Chuck Eddy is one of my favorite music critics. Ever. After enjoying his reviews and features and seeing his byline more than a few times in issues of Creem, Rolling Stone, and Entertainment Weekly, I bought the book pictured above the very first time I saw it sitting on the shelf at the bookstore (Waldenbooks?) at Park Mall in 1990. I began reading it that same night after I had put my pregnant wife and our two-year-old daughter to bed. Two days later, I finished it and started re-reading it again. It is still the most enjoyable, informative, yet maddening album guide I have ever read. I was astounded to see copies like mine with an original cover price of $14 going for up to $150 online.
Though our man Eddy later revised Stairway To Hell with a different cover and an added list of the 100 Best Heavy Metal Albums of the '90s, I've yet to upgrade. I said the book was maddening but if you read any online reviews of it, chances are you'll see a one-star review followed by a riff on either of these brutal truths:
- There are no Iron Maiden albums in the Top 500
- Teena Marie, Funkadelic, and The Osmonds, among other listed acts, are not even remotely heavy metal
To further illustrate my point on the uniqueness of Stairway To Hell, here are the book's Top 10 (of 100) Best Heavy Metal Singles Not Available on any of the 500 Best Heavy Metal Albums In The Universe:
- 10 "Do Ya" - The Move (1972)
- 09 "Fire Engine" - 13th Floor Elevators (1966)
- 08 "Bonzo Goes To Bitburg" - Ramones (1985)
- 07 "Once Bitten Twice Shy" - Ian Hunter (1975)
- 06 "Saturday Night's Alright For Fighting" - Elton John (1973)
- 05 "My Sharona" - The Knack (1979)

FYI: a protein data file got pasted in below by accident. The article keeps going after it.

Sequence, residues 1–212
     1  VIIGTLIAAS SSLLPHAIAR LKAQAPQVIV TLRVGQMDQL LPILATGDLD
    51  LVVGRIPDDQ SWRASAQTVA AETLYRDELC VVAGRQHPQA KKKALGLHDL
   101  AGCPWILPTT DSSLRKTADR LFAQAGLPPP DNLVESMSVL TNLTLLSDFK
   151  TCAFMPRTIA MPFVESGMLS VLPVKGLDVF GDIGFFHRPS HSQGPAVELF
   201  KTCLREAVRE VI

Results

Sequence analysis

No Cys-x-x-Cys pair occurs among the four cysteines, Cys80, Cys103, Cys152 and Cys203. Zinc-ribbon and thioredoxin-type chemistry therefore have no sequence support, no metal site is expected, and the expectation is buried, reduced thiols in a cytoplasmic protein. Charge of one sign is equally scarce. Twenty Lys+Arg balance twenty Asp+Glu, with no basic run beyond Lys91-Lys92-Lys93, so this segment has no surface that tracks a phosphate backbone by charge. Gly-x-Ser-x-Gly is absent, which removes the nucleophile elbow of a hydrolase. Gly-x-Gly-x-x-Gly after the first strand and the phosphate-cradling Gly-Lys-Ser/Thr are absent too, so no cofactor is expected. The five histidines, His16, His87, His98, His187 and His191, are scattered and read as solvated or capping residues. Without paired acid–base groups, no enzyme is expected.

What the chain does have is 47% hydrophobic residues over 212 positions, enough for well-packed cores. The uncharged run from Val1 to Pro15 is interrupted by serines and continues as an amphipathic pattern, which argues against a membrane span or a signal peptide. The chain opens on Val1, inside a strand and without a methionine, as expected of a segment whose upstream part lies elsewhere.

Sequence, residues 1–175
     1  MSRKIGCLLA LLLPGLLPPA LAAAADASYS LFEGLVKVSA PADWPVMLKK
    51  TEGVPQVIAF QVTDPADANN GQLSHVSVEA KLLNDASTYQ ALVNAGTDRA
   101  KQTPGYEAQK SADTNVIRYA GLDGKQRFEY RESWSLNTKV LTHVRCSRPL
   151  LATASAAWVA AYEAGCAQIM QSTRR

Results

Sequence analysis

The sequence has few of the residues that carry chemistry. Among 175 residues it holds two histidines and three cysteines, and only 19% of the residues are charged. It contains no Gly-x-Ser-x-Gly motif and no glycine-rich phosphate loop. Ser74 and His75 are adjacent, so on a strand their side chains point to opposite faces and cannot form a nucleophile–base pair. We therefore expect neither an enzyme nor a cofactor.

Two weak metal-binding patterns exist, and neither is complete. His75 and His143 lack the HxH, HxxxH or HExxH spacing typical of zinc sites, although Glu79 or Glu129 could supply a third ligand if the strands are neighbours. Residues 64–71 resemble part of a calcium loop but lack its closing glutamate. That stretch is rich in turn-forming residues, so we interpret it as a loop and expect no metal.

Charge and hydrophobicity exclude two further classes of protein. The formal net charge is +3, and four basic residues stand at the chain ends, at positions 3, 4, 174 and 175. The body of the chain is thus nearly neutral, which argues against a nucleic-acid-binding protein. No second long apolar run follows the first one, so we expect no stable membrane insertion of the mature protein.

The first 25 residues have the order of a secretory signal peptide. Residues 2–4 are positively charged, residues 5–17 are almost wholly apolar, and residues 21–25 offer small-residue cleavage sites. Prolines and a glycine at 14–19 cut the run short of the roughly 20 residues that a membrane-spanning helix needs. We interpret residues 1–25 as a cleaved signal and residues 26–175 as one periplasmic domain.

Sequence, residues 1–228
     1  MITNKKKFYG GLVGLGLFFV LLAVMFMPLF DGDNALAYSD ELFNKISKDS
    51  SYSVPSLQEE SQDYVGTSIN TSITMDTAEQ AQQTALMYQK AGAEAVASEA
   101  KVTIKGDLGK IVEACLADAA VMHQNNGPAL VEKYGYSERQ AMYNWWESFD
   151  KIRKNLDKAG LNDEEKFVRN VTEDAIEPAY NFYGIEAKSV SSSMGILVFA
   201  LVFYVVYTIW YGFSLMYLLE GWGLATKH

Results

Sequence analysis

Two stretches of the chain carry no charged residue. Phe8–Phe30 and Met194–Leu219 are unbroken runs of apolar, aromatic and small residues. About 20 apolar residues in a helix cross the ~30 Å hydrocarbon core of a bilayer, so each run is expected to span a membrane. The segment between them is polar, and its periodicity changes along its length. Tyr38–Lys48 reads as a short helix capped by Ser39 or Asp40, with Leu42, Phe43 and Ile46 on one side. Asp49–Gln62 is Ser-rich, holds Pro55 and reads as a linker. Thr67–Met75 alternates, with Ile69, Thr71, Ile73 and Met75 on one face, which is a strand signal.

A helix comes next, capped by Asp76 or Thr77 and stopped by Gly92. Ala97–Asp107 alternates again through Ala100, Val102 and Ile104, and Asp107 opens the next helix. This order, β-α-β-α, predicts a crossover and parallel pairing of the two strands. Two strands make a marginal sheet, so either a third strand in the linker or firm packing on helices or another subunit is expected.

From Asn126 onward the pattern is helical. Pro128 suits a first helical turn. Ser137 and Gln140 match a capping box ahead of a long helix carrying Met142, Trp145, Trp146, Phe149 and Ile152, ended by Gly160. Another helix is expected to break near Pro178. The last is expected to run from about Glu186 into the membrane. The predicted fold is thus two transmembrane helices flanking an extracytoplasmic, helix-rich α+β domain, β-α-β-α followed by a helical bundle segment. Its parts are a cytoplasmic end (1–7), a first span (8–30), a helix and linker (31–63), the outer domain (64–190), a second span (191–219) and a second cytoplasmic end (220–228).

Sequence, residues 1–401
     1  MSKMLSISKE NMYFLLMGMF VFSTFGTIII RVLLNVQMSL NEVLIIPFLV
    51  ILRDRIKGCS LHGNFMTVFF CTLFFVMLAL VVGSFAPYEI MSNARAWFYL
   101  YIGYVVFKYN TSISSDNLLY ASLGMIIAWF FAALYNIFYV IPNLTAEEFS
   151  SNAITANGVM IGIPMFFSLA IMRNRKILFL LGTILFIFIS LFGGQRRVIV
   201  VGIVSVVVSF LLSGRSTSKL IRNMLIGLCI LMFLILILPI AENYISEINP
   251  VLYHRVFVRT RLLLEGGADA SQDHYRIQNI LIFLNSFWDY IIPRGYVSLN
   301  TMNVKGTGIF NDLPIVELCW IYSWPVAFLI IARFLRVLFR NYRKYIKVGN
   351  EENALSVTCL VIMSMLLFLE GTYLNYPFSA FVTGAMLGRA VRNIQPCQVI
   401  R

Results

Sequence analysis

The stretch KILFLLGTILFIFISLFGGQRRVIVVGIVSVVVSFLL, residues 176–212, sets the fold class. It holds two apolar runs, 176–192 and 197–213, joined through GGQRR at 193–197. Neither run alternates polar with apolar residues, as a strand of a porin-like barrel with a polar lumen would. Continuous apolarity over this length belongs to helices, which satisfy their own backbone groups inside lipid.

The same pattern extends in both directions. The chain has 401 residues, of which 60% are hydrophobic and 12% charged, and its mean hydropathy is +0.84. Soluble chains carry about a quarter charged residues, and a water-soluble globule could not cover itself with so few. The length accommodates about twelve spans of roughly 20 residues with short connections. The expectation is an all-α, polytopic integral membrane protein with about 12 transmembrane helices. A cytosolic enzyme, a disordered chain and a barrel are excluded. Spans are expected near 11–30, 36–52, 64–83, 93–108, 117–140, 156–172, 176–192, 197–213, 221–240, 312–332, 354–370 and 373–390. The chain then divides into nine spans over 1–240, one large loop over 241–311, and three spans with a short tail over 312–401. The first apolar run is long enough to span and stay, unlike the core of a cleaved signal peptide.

- 04 "Rock Box" - Run-D.M.C. (1984)
- 03 "White Rabbit" - Jefferson Airplane (1967)
- 02 "Surfin' Bird" - The Trashmen (1963)
- 01 "2+2=?" - The Bob Seger System (1967)
Honestly, are any of those songs tagged heavy metal in your digital music collection? Not in mine. I don't even have #9. Journey, Kiss, Bryan Adams, Charlie Daniels Band, Madonna, Sweet, Public Enemy, Michael Jackson, The Babys, Cheech & Chong, Neil Young, Madonna, Loverboy, Steely Dan, Spinal Tap, U2 and Janet Jackson show up later in that Top 100. For me, the inclusions and shut-outs are part of the book's attraction - Eddy does not play it safe but he stays true to himself. His writing is witty without being hipster-ish or smart-alecky and he's really readable no matter who he's writing about. He approaches all music and artists with the same ears-wide-open policy which is something you don't come across very often. If ever.
Later on, Eddy showed up in the pages of Spin contributing a regular retro-reviews column called Essentials. By coincidence, his column in the January 2009 issue was devoted to yacht rock albums. Eight of them to be more accurate. Here are those albums:
In a 2008 post, long-time blogger Tom Lane said this particular column of Eddy's spoke to him as he had fond memories of all the artists and their music as listed though he said if he had his druthers, he'd swap out the Holmes album because it "doesn't hold up with the other six" single artist albums. His substitution? Notably absentee Kenny Loggins and his Keep The Fire album. Or Nightwatch. Lane is cool with either one. Six years after that post, Tom Lane went on a Yacht Rock tear himself, posting his Top 100 Yacht Rock Songs in two parts and then returning in 2016 with his Favorite Yacht Rock Albums.